By analyzing the representation of the steppe, the immigrant and the border in Dit zijn de namen, I examined to what extent a ‘feedback loop’ concerning Orientalist discourses and their subversion has been established. The novel makes use of the topoi of ‘the desert’ and ‘the nomad’ to describe the European region of the steppe and of the figure of the illegal immigrant. Because of the use of these Orientalist stereotypes, the novel inserts the Orient into the West – into Europe. Besides, it places the non-civilized world inside the European territory, while transposing civilization to the outside. Because of the insertion of the negative stereotypical characteristics of the Orient into a European setting, Dit zijn de namen is able to criticize the contemporary European situation. The refugees in the novel can be described as representing the figure of the illegal immigrant which is reduced to ‘bare life’ by crossing the border without permission. Thus, the illegal immigrant becomes the exemplary figure of contemporary Europe – Europe’s homo sacer. By using the ’empty’ steppe as an allegorical boundary space, the novel is able to highlight the hardship of the immigrant’s ‘bare life’, visualizing the problem Europe has to face.

Although Dit zijn de namen applies the topoi of ‘the desert’ and ‘the nomad’ to emphasize the struggle of contemporary Europe, the topoi are used ambiguously. The desert-like steppe is empty, but not deemed suitable for colonization. The refugees are described by the movement and violence stereotypical of nomads, but are at the same time the counterexample of a ‘free nomadic subject’ because they lack freedom and are on the contrary reduced to ‘bare life’. A ‘dichotomized spatial arrangement’ is set up by juxtaposing the steppe with the city, but the steppe is rendered more stereotypical than the city, which is actually described by the disorder linked in Orientalist discourse with the desert. This ambiguous use of Orientalist stereotyping discourse could be a sign of upcoming subversion.

However, a binary opposition still exist: the steppe is opposed to the city, the refugee to the city’s corrupt resident, and civilization to the non-civilized world. That Dit zijn de namen still uses the old dichotomies and topoi, shows that in the West’s imagination a distinction between “us” and “them” still resides. Although the novel partly reinvents itself by the ambiguous use of the topoi of ‘the desert’ and ‘the nomad’, there nevertheless still remains a binary Occident-Orient. However, by inserting the old stereotype of the non-civilized Orient into the Europe of today, Dit zijn de namen is able to criticize contemporary Europe’s situation by highlighting illegal immigration as its most important problem. Although the distinction remains, the civilized world now lies outside of the West – for European, too, civilization lies ‘over there’.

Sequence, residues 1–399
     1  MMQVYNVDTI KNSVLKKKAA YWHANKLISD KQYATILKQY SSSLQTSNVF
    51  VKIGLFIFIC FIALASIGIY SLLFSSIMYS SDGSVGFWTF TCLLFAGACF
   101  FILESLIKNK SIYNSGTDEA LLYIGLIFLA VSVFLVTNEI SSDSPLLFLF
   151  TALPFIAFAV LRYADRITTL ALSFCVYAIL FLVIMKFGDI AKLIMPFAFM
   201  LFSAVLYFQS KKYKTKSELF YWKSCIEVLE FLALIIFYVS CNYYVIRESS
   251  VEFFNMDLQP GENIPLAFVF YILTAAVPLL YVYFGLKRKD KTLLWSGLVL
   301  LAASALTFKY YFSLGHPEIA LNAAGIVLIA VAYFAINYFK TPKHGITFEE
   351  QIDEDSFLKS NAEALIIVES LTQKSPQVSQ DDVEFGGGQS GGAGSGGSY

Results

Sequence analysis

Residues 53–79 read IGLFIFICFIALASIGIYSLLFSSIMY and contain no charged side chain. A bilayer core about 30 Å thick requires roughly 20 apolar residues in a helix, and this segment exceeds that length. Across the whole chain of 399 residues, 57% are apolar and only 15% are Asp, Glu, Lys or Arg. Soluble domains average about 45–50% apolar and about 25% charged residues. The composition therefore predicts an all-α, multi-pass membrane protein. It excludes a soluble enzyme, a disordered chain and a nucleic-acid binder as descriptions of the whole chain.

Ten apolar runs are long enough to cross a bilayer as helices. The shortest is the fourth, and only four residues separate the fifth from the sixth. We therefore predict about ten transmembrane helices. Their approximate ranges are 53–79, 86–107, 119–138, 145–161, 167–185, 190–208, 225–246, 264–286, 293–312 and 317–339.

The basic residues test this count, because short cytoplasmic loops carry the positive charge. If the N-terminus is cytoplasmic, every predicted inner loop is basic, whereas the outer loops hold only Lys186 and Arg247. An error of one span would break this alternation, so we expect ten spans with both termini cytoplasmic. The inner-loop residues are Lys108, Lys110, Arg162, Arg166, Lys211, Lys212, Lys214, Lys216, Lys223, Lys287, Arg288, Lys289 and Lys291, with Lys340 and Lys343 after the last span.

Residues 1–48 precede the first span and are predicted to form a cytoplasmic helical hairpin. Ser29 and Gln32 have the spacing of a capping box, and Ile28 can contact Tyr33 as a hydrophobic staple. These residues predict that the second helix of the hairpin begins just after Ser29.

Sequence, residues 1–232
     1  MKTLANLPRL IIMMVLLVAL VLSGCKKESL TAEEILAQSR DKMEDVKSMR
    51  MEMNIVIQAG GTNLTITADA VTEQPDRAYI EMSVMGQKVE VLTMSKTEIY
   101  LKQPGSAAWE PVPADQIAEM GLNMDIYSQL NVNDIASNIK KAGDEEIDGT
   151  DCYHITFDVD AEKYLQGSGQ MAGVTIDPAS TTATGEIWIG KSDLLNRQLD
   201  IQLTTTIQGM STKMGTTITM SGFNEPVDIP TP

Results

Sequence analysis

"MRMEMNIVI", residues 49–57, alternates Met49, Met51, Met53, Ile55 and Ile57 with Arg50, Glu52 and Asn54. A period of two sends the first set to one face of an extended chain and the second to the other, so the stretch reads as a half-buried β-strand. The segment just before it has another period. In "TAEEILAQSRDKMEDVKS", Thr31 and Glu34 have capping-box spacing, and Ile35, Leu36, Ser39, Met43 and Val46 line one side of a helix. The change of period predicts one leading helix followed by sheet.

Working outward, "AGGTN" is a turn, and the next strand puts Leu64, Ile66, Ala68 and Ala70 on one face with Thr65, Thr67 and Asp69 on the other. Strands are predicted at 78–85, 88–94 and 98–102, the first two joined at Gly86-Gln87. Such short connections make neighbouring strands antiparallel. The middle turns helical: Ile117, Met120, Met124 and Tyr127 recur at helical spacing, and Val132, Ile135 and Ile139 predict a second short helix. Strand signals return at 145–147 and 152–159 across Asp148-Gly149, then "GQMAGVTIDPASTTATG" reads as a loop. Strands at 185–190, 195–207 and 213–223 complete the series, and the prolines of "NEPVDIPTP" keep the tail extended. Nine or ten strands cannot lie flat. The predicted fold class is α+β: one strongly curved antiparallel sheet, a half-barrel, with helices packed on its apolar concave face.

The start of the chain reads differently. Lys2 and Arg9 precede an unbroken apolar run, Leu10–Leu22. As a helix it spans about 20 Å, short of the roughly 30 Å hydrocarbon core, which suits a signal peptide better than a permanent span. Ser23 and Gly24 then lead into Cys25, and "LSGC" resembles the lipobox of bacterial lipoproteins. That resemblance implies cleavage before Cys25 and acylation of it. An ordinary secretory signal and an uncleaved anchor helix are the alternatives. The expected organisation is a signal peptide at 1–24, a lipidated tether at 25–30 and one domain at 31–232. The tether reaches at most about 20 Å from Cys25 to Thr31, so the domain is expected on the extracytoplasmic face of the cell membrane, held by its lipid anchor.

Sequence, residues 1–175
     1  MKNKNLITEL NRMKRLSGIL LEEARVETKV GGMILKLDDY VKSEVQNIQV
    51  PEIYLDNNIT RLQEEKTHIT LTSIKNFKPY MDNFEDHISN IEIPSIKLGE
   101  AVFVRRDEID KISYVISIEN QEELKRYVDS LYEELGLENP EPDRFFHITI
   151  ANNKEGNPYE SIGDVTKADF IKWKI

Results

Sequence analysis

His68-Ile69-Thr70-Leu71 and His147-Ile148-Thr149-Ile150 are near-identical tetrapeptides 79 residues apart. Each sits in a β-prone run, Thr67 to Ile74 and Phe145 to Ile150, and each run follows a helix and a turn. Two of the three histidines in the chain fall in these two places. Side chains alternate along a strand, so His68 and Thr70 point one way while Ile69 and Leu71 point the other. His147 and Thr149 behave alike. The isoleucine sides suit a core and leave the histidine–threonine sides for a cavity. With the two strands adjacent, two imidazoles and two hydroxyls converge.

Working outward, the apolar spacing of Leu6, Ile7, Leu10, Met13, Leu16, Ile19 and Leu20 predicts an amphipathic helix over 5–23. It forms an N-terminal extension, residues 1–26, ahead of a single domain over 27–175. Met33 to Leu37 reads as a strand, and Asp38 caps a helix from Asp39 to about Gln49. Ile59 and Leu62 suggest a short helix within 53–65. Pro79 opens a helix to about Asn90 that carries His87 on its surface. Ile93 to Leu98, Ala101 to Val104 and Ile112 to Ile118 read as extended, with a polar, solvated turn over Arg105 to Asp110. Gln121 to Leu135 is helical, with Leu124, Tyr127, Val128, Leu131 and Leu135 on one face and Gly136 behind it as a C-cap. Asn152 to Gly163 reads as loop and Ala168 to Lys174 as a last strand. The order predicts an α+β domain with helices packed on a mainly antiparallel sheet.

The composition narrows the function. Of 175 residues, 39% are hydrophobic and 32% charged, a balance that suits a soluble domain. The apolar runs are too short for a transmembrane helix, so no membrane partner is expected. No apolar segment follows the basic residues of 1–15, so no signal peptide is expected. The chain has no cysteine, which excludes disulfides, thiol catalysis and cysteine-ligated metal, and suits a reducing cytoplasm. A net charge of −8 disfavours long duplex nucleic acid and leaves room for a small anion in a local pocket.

*In his discussion of the migrant worker, Charles Lee further elaborates on the relation of illegal (that is, having no papers) migrants and the concept of ‘bare life’. Remarkable is that he, too, uses vocabulary resonating the topos of ‘the desert’: he designates “the borderland of unauthorized migration” as a “juridical nonspace” before nuancing the picture of nonsubjectivity and ‘bare life’ of illegal migrants (Lee 63, emphasis MO).

Ik heb dit paper gebruikt voor mijn analyse voor Herwaarns Podcast nr. 2 – vluchtelingenproblematiek. De podcast luister je hier.

Bibliography

Agamben, Giorgio. “The Paradox of Sovereignty”; “The Camp as the ‘Nomos’ of the Modern”; “Threshold.” Homo Sacer: Sovereign Power and Bare Life. Stanford: Stanford University Press, 1995. 15-21; 166-188.

Boer, Inge. Uncertain Territories: Boundaries in Cultural Analysis. Amsterdam, New York: Rodopi, 2006.

Downey, Anthony. “Zones of Indistinction: Giorgio Agamben’s ‘Bare Life’ and the Politics of Aesthetics.” Third Text 23 (2009) 2: 109-125.

Dumézil, Georges. Mitra-Varuna, An Essay on Two Indo-European Representations of Sovereignty. Transl. Derek Coltman. New York: Zone Books, 1988.

Lee, Charles. “Bare Life, Interstices, and the Third Space of Citizenship.” Women’s Studies Quarterly 38 (Spring/Summer 2010) 1/2: 57-81.

Salter, Mark. “When the exception becomes the rule: borders, sovereignty, and citizenship.” Citizenship Studies 12 (2008) 4: 365-380.

Wieringa, Tommy. Dit zijn de namen. Amsterdam: De Bezige Bij, 2013.

Leave a Reply

Fill in your details below or click an icon to log in:

WordPress.com Logo

You are commenting using your WordPress.com account. Log Out /  Change )

Google photo

You are commenting using your Google account. Log Out /  Change )

Twitter picture

You are commenting using your Twitter account. Log Out /  Change )

Facebook photo

You are commenting using your Facebook account. Log Out /  Change )

Connecting to %s